• Phenomenalism and the Reality of Body in Leibniz's Later Philosophy
    Studia Leibnitiana 22 (1): 11-28. 1990.
    In der neuen Literatur tiber Leibniz' Spatphilosophie findet man zwei deutlich einander entgegengesetzte Theorien Uber die Realitat des Körpers. Auf der einen Seite gibt es Gesichtspunkte, die ihn mit einer Phänomenalismuslehre verbinden, nach welcher die Körper nichts anderes als koordinierte Perzeptionen unausgedehnter Monaden sind. Auf der anderen Seite gibt es Griinde, die dafur sprechen, daß Leibniz die Auffassung vertreten muß, daß Körper Aggregate von Monaden sind. In diesem Aufsatz suche…Read more
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    2. Simple Substances and Composite Bodies (§§ 1–5)
    In Hubertus Busche (ed.), Gottfried Wilhelm Leibniz: Monadologie, Akademie Verlag. pp. 35-48. 2009.
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    Leibniz on compossibility
    Philosophy Compass 4 (6): 962-977. 2009.
    Leibniz's well-known thesis that the actual world is just one among many possible worlds relies on the claim that some possibles are incompossible , meaning that they cannot belong to the same world. Notwithstanding its central role in Leibniz's philosophy, commentators have disagreed about how to understand the compossibility relation. We examine several influential interpretations and demonstrate their shortcomings. We then sketch a new reading, the cosmological interpretation, and argue that …Read more
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    Leibniz: Determinist, Theist, Idealist (review)
    Philosophical and Phenomenological Research 61 (1): 226-229. 1994.
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    Nietzsche as perfectionist
    Inquiry: An Interdisciplinary Journal of Philosophy 61 (1): 42-61. 2018.
    Thomas Hurka has argued that Nietzsche’s positive ethical views can be formulated as a version of perfectionism that posits an objective conception of the good as the maximization of power and assigns to all agents the same goal of maximizing the perfection of the best. I show that Hurka’s case for both parts of this interpretation fails on textual grounds and that the kind of theory he proposes is in conflict with Nietzsche’s general approach to morality. The alternative reading for which I arg…Read more
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    Oxford Studies in Early Modern Philosophy, Volume XI (edited book)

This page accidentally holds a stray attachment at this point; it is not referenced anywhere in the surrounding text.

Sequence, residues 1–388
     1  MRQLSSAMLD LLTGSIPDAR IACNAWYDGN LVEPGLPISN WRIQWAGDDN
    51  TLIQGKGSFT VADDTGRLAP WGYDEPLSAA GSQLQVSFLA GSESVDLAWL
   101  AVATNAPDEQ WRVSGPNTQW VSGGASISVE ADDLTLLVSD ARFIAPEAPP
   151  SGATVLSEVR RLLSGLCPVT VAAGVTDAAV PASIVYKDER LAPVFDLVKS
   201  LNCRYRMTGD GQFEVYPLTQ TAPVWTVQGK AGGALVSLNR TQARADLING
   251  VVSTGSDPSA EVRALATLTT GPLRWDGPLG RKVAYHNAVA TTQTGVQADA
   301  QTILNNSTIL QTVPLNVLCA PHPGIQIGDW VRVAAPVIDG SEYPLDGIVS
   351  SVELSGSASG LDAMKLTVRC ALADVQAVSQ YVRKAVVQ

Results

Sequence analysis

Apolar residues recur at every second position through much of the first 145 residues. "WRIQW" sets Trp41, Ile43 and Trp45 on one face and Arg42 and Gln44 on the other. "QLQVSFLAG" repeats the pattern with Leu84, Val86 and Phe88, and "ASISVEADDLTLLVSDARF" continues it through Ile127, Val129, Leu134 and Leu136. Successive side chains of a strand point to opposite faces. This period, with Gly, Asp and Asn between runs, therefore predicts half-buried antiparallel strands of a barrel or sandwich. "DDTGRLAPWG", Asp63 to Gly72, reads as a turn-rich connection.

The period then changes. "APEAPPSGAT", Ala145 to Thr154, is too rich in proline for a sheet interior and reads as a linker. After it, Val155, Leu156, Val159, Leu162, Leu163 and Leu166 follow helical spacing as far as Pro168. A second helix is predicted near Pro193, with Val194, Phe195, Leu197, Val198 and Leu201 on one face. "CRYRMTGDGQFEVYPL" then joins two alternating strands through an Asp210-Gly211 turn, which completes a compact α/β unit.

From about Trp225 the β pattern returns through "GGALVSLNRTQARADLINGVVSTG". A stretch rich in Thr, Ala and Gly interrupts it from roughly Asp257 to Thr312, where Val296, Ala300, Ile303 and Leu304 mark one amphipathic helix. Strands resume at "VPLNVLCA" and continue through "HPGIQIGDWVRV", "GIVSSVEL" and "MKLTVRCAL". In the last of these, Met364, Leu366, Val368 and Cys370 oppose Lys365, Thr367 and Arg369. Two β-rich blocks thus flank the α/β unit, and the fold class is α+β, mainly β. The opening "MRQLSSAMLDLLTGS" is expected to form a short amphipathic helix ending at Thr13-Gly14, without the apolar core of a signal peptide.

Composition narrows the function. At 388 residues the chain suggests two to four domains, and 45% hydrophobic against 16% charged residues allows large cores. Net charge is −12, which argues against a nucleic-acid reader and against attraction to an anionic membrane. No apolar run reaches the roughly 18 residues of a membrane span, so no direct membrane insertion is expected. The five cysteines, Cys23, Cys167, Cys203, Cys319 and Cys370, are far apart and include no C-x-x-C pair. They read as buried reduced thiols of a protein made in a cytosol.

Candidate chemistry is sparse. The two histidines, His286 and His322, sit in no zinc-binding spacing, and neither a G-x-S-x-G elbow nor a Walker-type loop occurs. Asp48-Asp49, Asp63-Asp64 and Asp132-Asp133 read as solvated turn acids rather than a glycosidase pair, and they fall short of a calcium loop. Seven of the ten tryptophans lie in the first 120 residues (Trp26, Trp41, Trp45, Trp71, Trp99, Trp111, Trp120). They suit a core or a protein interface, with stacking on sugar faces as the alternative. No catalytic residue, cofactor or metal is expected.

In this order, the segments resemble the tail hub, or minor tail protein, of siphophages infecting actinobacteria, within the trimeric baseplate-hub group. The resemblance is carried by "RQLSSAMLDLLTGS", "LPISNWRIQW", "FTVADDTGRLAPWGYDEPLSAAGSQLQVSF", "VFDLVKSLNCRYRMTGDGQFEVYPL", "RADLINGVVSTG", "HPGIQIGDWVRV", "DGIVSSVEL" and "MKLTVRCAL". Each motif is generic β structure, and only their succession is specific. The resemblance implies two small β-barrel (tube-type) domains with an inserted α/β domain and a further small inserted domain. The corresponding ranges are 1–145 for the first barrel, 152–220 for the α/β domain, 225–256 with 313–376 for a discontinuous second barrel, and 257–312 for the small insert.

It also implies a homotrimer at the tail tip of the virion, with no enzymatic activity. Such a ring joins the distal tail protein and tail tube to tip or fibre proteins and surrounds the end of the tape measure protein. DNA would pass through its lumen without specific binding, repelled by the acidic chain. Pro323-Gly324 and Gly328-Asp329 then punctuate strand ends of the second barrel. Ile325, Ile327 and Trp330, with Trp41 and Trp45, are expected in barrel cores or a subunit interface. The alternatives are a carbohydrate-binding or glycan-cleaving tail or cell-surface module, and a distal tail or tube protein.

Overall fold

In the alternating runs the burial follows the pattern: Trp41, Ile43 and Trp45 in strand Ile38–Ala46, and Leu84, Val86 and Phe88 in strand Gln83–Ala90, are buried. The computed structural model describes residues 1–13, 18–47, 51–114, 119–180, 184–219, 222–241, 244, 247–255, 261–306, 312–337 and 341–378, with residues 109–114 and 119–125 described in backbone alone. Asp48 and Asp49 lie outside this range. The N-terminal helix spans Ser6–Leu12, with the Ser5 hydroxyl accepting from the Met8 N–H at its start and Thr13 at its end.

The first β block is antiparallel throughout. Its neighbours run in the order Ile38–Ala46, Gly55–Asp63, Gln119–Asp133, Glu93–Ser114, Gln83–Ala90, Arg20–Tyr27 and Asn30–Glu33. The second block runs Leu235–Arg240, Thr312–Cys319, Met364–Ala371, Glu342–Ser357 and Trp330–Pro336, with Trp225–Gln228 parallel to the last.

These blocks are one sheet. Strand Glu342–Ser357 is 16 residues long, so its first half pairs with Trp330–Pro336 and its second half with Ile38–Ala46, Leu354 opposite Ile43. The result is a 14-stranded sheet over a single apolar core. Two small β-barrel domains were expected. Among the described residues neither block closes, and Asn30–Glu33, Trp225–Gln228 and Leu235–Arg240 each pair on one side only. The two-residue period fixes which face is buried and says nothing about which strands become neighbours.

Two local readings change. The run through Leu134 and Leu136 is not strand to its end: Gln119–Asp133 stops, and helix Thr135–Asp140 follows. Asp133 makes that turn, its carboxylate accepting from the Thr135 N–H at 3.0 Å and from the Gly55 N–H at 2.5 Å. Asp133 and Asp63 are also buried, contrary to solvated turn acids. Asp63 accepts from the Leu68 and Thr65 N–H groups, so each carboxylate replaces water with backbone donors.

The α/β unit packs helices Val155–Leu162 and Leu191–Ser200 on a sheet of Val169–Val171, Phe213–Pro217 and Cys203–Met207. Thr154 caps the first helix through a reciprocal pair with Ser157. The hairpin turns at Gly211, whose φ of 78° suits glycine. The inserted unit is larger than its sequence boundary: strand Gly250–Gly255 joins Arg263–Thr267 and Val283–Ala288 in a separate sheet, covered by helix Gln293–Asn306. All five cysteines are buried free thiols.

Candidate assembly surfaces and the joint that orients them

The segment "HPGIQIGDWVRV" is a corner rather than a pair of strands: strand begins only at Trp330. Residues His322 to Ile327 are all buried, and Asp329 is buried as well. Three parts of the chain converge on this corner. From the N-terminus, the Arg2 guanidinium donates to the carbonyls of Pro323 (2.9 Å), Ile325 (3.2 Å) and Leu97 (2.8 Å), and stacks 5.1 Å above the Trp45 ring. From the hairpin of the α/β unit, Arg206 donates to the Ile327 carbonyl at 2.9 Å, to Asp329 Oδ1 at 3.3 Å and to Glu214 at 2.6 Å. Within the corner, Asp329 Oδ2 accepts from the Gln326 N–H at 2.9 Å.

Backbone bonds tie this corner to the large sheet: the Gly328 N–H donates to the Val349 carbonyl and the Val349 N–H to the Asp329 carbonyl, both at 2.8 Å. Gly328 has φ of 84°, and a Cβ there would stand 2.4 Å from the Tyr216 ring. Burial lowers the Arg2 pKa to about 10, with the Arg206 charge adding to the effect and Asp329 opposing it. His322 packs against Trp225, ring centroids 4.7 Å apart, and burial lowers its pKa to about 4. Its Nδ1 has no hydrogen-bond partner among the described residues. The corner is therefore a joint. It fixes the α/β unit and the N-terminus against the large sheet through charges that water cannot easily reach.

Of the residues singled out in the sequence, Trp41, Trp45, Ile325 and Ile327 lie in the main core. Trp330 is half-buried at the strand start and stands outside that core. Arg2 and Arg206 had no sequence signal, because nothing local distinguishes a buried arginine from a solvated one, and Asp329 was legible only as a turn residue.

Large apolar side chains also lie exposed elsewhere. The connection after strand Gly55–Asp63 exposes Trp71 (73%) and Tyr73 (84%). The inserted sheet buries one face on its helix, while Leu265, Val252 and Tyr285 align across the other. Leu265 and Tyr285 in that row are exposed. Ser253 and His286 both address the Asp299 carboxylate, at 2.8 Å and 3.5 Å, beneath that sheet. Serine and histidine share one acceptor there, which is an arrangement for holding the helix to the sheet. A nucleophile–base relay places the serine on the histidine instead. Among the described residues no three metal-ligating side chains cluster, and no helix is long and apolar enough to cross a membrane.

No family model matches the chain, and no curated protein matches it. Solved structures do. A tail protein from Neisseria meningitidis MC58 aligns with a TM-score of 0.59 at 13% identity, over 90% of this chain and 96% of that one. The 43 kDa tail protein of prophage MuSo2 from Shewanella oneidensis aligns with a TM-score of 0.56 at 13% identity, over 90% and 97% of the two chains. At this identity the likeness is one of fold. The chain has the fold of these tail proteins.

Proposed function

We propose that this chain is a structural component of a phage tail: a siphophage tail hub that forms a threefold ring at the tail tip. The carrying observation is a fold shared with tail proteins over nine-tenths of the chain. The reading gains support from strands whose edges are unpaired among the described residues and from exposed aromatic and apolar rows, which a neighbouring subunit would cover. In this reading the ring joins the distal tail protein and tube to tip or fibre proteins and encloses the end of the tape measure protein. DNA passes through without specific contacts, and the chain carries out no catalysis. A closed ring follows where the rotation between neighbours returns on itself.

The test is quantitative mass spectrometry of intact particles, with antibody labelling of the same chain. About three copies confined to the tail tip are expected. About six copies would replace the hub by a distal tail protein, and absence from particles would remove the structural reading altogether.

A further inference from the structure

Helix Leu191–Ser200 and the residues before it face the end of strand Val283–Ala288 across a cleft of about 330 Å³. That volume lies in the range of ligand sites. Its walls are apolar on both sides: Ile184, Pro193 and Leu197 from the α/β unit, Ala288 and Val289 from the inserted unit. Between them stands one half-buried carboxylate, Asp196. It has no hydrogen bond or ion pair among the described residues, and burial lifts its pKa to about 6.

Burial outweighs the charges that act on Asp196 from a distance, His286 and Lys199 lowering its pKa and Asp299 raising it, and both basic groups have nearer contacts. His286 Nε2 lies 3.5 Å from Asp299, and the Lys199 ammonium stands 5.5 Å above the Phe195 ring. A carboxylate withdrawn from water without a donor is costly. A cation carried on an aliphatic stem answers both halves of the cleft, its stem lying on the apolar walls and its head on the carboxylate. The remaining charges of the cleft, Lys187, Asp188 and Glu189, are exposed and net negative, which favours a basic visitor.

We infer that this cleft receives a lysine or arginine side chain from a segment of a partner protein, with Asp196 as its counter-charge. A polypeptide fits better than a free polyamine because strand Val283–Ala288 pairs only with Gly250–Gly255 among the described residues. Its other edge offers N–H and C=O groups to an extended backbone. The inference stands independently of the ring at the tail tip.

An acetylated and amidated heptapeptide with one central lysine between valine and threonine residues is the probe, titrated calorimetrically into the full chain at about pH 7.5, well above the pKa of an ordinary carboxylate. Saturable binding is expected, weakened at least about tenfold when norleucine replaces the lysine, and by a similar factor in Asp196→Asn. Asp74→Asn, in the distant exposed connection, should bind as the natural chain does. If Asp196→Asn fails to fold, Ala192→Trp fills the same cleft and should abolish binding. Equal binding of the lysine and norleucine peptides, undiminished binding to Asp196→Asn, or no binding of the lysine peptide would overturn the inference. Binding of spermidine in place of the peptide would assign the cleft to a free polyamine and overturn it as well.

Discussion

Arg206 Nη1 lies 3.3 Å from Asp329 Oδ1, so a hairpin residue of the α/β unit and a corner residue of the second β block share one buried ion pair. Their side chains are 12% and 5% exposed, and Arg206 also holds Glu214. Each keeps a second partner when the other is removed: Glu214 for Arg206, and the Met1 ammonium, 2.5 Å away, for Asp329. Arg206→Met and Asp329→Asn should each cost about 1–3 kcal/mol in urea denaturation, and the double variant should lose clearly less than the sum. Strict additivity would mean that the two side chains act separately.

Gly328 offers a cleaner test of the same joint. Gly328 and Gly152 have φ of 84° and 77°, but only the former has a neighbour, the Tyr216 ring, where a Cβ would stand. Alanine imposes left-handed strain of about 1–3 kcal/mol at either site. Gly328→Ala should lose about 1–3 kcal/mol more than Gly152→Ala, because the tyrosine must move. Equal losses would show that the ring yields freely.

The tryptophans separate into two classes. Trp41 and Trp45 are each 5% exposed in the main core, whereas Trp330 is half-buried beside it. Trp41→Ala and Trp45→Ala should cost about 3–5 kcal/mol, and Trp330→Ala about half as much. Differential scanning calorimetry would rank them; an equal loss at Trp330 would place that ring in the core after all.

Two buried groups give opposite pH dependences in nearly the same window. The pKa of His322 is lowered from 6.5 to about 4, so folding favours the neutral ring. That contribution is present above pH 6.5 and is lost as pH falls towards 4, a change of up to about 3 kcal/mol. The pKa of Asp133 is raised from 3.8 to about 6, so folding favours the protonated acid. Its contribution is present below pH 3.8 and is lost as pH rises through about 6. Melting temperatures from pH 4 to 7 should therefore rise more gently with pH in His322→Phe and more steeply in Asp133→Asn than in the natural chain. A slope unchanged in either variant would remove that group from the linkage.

Oxford University Press. 2022.
    Oxford Studies in Early Modern Philosophy is an annual series, presenting a selection of the best current work in the history of early modern philosophy. It focuses on the seventeenth and eighteenth centuries—the extraordinary period of intellectual flourishing that begins, roughly, with Descartes and his contemporaries and ends with Kant. It also publishes work on thinkers or movements outside of that framework, provided they are important in illuminating early modern thought. The core of the s…Read more
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    Reading Descartes as a Stoic
    Philosophie Antique 14 129-155. 2014.
    Bien que Descartes n’emploie que rarement les mots officium ou « devoir », sa morale confère une place centrale à la notion d’action appropriée, dans un sens qui rappelle le kathekon des stoïciens. Cette notion enveloppe les devoirs de l’être humain envers Dieu et envers les autres êtres humains, ainsi que les actions qui trouvent leur justification dans le fait qu’elles favorisent la conservation et la santé du corps. Tout en relevant ces parallèles, je montre également que Descartes, dans son …Read more
  • Justice and circumstances : theodicy as universal religion
    In Larry M. Jorgensen & Samuel Newlands (eds.), New Essays on Leibniz’s Theodicy, Oxford University Press. 2014.
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    Leibniz denies that the actual world possesses the per se unity of a substance. Instead, he seems to hold, the world is limited to the mind-dependent unity of an aggregate. Against this answer, criticized by Kant in his Inaugural Dissertation, I argue that for Leibniz the unity of the actual world is not grounded simply in God’s perception of relations among created substances but in the common dependence of those substances on a unitary cause. First, the actual world is one because every create…Read more
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    Leibniz's Metaphysics: A Historical and Comparative Study (review)
    Philosophical Review 101 (4): 853-855. 1992.
  • Leibniz as Idealist
    In Daniel Garber & Steven Nadler (eds.), Oxford Studies in Early Modern Philosophy Volume Iv, Oxford University Press. 2008.